A wake up call on mental health

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During a ‘Wellness at Sea’ conference in March last year, held by the British Sailor’s Society, I was struck by the powerful presentations on the significance of the impact of mental health matters on shipboard operations. We heard personal stories from research organisations, shipowners, ship managers, and seafarers who have suffered from mental health issues that may not have been understood by their shipmates or employers.

During the conference, I recognised in myself all the symptoms described to indicate that I too was suffering from clinical depression. Having recently gone through a ‘career changing moment’, I was desperately – and I use the word ‘desperately’ carefully – seeking employment, without success at that time. The ‘black dog’, as Churchill described his own depression, was alive and well, and frequently barked in my head at all times of the day and night, and he had been there for quite a long time.

This was not something that I was expecting to have to recognise, nor was I too open to the idea of disclosing this to anybody. If I was not prepared to do so, how could I expect fellow shipmates to volunteer their own problems to the caring master?

For many years, the Nautical Institute has promoted the importance of the human element. For my own part, I have been keen to provide the master and those aspiring to command with some insight towards some of the ‘soft skills’ that are an integral part of command, but which are not necessarily addressed in our Standards of Training, Certification, and Watchkeeping for Seafarers (STCW)-based professional qualifications.

I strongly believe that masters have a pastoral role for those under their command. We do not address this in professional training and I would suggest that many masters find great difficulties in dealing with such complex, private, and personal issues. How does the master recognise the seafarer who is in desperate need of help but unable or unwilling to ask for it? What skills and knowledge do masters require and deserve to enable them to do so?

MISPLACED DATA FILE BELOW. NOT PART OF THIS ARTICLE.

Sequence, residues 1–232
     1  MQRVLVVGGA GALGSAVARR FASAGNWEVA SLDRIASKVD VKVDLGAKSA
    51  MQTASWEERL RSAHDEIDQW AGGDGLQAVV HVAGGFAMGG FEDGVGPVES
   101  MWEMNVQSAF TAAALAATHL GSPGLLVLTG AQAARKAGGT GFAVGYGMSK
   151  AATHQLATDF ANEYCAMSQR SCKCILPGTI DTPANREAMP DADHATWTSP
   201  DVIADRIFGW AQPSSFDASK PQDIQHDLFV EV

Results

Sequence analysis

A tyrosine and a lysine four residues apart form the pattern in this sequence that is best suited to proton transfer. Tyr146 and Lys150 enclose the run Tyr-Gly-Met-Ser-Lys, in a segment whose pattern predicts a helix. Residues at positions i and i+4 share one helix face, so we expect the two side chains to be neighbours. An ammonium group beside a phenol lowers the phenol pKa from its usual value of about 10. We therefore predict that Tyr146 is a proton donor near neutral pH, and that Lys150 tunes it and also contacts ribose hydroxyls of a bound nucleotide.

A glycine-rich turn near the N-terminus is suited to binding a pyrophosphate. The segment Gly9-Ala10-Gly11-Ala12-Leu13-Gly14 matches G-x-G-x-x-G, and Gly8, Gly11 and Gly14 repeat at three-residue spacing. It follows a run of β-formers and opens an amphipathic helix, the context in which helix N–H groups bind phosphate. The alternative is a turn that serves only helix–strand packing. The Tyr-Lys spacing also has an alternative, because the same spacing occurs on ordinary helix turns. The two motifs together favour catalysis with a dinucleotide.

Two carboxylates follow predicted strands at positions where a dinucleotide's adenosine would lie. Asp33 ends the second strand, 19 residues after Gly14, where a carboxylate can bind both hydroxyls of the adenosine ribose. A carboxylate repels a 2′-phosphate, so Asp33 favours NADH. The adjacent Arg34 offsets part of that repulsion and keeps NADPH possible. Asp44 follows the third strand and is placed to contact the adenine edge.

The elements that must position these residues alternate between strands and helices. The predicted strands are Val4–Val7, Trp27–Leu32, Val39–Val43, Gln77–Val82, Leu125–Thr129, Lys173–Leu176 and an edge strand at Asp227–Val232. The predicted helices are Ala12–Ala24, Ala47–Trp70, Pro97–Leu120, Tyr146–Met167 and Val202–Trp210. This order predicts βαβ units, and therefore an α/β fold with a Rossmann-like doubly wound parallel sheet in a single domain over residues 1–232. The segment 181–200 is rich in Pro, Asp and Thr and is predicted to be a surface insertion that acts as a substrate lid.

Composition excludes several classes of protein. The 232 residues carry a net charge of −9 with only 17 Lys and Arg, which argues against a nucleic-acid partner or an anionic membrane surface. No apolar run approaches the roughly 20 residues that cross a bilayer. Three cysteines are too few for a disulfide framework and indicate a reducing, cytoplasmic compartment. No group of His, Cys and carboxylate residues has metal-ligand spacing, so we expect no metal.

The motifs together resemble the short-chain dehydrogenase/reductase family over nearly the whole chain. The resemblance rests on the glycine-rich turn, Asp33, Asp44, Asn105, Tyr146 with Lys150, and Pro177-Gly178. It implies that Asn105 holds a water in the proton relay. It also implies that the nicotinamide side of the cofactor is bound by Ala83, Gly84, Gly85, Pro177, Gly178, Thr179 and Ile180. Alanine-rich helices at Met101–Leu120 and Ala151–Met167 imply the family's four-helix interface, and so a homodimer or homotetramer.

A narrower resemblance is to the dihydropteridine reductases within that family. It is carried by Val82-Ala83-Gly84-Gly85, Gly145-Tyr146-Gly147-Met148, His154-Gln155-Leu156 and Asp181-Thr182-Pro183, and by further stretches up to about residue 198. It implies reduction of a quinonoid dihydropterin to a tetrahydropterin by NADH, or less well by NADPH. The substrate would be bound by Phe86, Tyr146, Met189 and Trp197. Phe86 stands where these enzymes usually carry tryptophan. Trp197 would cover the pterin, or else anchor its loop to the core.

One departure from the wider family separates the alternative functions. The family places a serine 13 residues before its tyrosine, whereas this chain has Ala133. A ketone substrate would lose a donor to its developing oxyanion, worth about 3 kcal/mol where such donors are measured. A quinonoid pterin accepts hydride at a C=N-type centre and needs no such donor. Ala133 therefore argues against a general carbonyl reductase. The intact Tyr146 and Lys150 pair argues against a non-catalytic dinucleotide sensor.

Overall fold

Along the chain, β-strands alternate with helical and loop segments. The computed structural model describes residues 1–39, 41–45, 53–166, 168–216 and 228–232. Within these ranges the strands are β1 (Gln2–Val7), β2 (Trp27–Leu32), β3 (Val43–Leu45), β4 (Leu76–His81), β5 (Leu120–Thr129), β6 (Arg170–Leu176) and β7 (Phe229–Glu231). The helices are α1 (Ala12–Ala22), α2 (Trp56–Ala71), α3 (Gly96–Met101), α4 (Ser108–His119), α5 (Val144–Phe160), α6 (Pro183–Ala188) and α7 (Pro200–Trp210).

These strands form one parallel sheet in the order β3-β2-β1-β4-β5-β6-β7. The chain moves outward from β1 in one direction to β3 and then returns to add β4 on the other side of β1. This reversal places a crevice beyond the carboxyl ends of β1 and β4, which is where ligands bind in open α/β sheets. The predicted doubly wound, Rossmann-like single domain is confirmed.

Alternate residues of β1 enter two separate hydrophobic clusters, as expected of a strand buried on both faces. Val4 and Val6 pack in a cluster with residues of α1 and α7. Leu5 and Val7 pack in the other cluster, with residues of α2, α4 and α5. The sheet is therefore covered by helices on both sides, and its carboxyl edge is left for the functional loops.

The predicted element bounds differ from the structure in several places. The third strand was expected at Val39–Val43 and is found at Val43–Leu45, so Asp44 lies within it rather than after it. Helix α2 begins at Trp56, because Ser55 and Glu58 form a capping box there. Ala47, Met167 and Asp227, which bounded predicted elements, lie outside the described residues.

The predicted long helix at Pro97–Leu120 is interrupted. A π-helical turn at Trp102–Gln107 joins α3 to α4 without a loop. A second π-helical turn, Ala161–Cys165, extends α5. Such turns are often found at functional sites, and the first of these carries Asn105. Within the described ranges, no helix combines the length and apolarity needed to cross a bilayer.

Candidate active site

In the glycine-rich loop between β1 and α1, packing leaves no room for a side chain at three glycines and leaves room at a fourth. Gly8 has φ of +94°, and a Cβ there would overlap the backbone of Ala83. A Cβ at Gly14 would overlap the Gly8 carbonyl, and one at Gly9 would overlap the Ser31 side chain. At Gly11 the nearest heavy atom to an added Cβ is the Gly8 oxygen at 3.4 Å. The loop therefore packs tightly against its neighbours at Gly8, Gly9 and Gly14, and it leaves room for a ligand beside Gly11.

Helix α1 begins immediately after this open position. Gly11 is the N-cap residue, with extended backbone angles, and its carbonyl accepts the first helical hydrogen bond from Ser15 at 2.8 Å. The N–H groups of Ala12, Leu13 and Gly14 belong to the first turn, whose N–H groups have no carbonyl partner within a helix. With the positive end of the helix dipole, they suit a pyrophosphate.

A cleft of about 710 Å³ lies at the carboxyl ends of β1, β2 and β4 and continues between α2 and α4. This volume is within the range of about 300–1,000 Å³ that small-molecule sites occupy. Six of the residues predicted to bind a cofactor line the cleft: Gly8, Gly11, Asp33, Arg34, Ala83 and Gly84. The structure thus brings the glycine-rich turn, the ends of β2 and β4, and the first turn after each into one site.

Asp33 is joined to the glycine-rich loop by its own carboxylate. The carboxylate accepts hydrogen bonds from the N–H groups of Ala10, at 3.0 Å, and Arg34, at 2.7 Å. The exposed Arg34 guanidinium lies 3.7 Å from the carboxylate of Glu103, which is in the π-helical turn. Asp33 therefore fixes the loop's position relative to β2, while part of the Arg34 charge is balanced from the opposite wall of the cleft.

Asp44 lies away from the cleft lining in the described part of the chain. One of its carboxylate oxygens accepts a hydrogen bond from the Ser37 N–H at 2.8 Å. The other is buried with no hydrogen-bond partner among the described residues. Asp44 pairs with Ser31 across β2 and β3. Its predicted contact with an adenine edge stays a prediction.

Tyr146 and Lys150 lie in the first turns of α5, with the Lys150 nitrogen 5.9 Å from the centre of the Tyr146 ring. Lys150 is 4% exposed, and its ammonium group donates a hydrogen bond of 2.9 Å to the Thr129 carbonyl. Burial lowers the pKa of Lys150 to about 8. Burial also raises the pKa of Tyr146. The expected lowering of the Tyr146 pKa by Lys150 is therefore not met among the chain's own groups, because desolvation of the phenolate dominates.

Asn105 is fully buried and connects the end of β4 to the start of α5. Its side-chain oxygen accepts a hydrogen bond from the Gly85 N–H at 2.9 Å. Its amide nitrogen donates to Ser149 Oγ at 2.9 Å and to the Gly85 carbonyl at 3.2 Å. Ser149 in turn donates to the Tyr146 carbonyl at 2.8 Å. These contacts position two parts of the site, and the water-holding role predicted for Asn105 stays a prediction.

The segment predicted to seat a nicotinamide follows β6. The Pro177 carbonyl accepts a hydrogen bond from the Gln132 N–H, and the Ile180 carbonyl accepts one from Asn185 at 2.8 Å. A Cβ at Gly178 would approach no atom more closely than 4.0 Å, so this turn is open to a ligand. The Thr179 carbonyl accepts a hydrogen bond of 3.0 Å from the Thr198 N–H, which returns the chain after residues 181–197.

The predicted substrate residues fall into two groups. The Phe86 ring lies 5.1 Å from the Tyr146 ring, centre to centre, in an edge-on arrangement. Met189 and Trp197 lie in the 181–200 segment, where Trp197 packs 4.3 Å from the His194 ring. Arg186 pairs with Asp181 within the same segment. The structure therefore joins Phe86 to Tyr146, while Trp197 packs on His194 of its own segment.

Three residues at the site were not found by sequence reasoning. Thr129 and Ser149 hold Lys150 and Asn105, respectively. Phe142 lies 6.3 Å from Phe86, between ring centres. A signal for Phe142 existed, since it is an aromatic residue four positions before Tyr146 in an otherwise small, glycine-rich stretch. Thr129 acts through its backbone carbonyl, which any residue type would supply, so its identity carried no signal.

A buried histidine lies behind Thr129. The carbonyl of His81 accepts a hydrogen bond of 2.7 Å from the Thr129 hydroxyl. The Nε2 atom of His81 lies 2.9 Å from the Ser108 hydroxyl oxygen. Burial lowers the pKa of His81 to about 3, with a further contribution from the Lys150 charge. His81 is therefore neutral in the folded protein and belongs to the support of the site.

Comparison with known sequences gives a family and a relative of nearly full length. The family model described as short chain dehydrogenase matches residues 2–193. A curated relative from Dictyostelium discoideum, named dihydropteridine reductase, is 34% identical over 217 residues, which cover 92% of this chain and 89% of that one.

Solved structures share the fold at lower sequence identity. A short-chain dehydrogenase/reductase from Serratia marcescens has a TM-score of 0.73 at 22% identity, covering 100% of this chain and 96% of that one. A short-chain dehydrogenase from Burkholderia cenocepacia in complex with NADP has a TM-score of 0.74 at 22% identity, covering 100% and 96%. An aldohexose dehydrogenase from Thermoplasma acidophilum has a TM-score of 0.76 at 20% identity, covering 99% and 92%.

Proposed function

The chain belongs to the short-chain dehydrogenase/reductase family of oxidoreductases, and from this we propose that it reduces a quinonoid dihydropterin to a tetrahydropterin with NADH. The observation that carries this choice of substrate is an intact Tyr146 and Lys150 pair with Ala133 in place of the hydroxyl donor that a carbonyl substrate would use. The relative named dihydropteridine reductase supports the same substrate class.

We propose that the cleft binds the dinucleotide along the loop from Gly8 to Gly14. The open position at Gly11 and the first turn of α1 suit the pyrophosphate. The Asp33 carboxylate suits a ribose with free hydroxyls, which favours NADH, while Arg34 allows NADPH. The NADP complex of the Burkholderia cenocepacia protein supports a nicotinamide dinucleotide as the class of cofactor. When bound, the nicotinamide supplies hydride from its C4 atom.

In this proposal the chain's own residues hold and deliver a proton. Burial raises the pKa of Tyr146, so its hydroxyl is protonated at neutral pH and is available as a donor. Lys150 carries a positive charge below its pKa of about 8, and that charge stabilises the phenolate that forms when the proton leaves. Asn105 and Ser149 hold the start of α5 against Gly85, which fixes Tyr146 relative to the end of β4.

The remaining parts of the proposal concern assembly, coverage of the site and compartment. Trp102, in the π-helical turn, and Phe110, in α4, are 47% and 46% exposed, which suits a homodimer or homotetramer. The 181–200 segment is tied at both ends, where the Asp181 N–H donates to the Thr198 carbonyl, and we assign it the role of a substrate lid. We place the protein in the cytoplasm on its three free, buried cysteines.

And let us not pretend that masters are immune from these problems themselves. Before that career changing moment, I was a master of a high-profile ship with a very capable, competent, professional, and seemingly stable crew, but I knew only too well that a number of them had personal problems that were affecting their work.

I think that I am a very caring person and I take my pastoral responsibilities very seriously. However, in trying to assist my colleagues and to seek a compassionate, pragmatic, and practical resolution, who could I turn to? These issues are very private and I was hardly able to discuss these with my heads of department or other colleagues. Should I discuss this with my crew or technical managers? Trust is a two-way street and I would not wish to lose the trust of my shipmates by being seen to ‘tell tales out of school’.

When I did ask for help and guidance from my ship managers, the outcome was not particularly helpful, sympathetic, or compassionate. Without guidance, I would stay awake at night mulling over the problems in my head. We all have a responsibility to ensure that we address the best welfare facilities and services for our seafarers, onboard and ashore. More importantly, there is a vital need for owners and managers to support all the seafarers that provide them with their income, and to ensure that there is an appropriate mechanism to support those that need help in accessing that help. My plea would be to ensure that the seafarers know that support is available to them, and that senior officers are provided with appropriate training to enable them to provide ‘first aid welfare’ before, perhaps, referring their colleagues to more professional help.

A version of this article orginally appeared in Seaways, the magazine of the Nautical Institute.